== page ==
Legislators still must leave their guns at the door of the Louisiana Capitol.
Sen. Fred Mills may have an "R" behind his name, but his actions in the Louisiana Legislature transcend the established boundaries of his party.
The Louisiana House overwhelmingly rejected a repeal of the state's unconstitutional anti-sodomy law Tuesday.
The Louisiana Senate sided with Gov. Bobby Jindal and the oil industry Tuesday, agreeing to void a lawsuit that a south Louisiana flood board filed against more than 90 oil and gas companies for coastal damage.
Acadian rep notifies would-be supporters that an April 25 fundraiser for the embattled U.S. rep won’t go on as planned.
While it isn’t all too unusual for public bodies to have hired security present during meetings, the LPSB’s push to do so is arguably a response to the antics of one board member.
“I’m running. Why would I be raising all this money? Just to have to return it to people?”
With incumbent U.S. Sen. Mary Landrieu watching from afar, and with a united Democratic Party in her corner, the fight to get the GOP officially behind Congressman Bill Cassidy is gaining just as much momentum as it is hushed controversy.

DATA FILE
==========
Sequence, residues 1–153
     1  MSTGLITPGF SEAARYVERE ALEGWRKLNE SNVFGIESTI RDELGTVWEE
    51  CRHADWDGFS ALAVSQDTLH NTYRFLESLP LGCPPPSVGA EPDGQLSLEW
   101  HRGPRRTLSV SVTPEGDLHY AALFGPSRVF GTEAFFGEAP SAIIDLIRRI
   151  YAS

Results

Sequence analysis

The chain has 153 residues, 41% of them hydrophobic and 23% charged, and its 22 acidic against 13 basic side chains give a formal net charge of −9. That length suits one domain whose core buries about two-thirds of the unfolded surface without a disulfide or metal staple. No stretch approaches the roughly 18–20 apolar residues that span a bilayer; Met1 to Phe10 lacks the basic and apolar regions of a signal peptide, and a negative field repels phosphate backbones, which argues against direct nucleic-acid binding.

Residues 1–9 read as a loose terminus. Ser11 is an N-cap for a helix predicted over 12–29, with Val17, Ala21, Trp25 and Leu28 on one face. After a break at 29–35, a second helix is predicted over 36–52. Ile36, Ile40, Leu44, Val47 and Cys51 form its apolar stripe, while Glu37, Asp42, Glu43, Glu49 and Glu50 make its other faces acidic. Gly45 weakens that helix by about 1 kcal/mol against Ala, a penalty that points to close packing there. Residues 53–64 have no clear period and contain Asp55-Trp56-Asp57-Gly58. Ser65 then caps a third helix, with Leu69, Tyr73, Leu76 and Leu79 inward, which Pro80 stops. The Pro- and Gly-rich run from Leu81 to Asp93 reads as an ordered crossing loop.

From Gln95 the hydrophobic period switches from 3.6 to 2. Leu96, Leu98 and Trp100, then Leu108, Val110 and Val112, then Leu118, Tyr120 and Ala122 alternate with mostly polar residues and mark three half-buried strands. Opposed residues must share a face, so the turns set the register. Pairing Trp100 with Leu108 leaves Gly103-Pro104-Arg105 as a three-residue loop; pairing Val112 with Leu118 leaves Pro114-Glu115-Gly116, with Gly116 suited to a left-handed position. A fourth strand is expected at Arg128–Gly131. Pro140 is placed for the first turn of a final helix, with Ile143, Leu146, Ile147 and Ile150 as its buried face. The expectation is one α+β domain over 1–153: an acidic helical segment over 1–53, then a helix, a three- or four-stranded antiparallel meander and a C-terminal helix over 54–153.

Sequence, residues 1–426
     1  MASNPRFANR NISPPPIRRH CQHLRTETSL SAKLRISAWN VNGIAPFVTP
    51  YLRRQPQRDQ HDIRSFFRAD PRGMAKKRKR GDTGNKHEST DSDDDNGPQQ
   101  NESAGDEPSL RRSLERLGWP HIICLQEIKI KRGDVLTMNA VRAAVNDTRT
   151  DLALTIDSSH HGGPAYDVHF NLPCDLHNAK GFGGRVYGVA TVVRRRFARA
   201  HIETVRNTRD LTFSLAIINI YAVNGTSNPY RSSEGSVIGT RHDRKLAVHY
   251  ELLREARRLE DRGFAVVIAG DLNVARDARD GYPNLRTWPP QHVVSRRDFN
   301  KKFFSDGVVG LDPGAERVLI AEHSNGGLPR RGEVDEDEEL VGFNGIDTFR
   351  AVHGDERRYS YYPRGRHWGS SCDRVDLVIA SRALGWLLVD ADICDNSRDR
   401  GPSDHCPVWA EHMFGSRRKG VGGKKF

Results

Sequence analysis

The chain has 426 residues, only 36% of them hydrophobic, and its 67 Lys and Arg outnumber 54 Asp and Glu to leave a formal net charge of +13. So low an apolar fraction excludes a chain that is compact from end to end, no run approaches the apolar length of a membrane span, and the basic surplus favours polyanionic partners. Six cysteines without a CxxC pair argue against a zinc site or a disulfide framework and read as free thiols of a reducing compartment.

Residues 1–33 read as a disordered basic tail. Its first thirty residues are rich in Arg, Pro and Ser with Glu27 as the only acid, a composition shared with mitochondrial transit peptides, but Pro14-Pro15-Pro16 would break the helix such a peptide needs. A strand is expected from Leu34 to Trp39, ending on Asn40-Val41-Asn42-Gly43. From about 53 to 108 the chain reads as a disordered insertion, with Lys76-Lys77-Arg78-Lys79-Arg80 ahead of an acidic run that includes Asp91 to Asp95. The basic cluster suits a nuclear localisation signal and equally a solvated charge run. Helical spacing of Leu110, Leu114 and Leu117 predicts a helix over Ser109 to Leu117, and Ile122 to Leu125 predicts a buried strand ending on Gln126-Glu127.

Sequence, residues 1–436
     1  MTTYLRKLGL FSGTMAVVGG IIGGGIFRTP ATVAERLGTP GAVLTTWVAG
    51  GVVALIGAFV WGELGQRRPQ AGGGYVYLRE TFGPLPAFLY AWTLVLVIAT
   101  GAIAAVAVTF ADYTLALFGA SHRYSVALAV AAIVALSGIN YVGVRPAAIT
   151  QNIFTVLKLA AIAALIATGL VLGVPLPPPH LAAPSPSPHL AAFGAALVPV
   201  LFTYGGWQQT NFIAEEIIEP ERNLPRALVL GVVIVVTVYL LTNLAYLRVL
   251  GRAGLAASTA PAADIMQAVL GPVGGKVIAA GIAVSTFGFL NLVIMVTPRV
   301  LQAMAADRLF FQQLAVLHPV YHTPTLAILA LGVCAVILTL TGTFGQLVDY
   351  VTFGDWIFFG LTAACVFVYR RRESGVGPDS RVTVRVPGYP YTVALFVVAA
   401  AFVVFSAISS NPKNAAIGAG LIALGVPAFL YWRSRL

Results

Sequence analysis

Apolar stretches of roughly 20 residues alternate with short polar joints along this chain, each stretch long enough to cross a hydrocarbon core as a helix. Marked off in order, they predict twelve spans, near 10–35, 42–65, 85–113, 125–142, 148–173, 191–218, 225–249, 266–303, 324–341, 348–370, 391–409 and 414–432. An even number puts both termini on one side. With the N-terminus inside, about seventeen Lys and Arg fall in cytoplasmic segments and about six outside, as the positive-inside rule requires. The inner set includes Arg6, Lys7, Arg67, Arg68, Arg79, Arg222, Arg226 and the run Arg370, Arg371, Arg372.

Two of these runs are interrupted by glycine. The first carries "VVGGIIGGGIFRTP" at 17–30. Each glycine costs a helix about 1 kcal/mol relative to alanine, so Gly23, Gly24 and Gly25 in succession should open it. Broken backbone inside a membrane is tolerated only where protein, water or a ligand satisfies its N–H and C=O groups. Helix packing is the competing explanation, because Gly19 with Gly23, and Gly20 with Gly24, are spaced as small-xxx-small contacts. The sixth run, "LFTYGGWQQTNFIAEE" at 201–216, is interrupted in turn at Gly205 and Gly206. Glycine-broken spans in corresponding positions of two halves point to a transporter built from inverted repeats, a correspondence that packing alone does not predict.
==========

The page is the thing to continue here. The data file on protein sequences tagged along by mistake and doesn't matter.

15th Judicial District Judge Durwood Conque has announced that he will not seek re-election after 27 years on the bench.
The controversial standardized tests are set to be used in third-grade through eighth-grade public school classrooms next year.
The Louisiana Senate has agreed to prohibit unmanned aircraft from flying over chemical plants, water treatment systems, telecommunications networks and other items considered "critical infrastructure" in Louisiana.
It didn’t take long for KATC TV 3 to jump all over the news of a dead body found in Girard Park, but in its rush to produce headlines, the local TV station got sloppy.
An unholy trinity of civil-society upheavalers whose first names are not Conner, Tanner or Logan are facing charges in Eunice.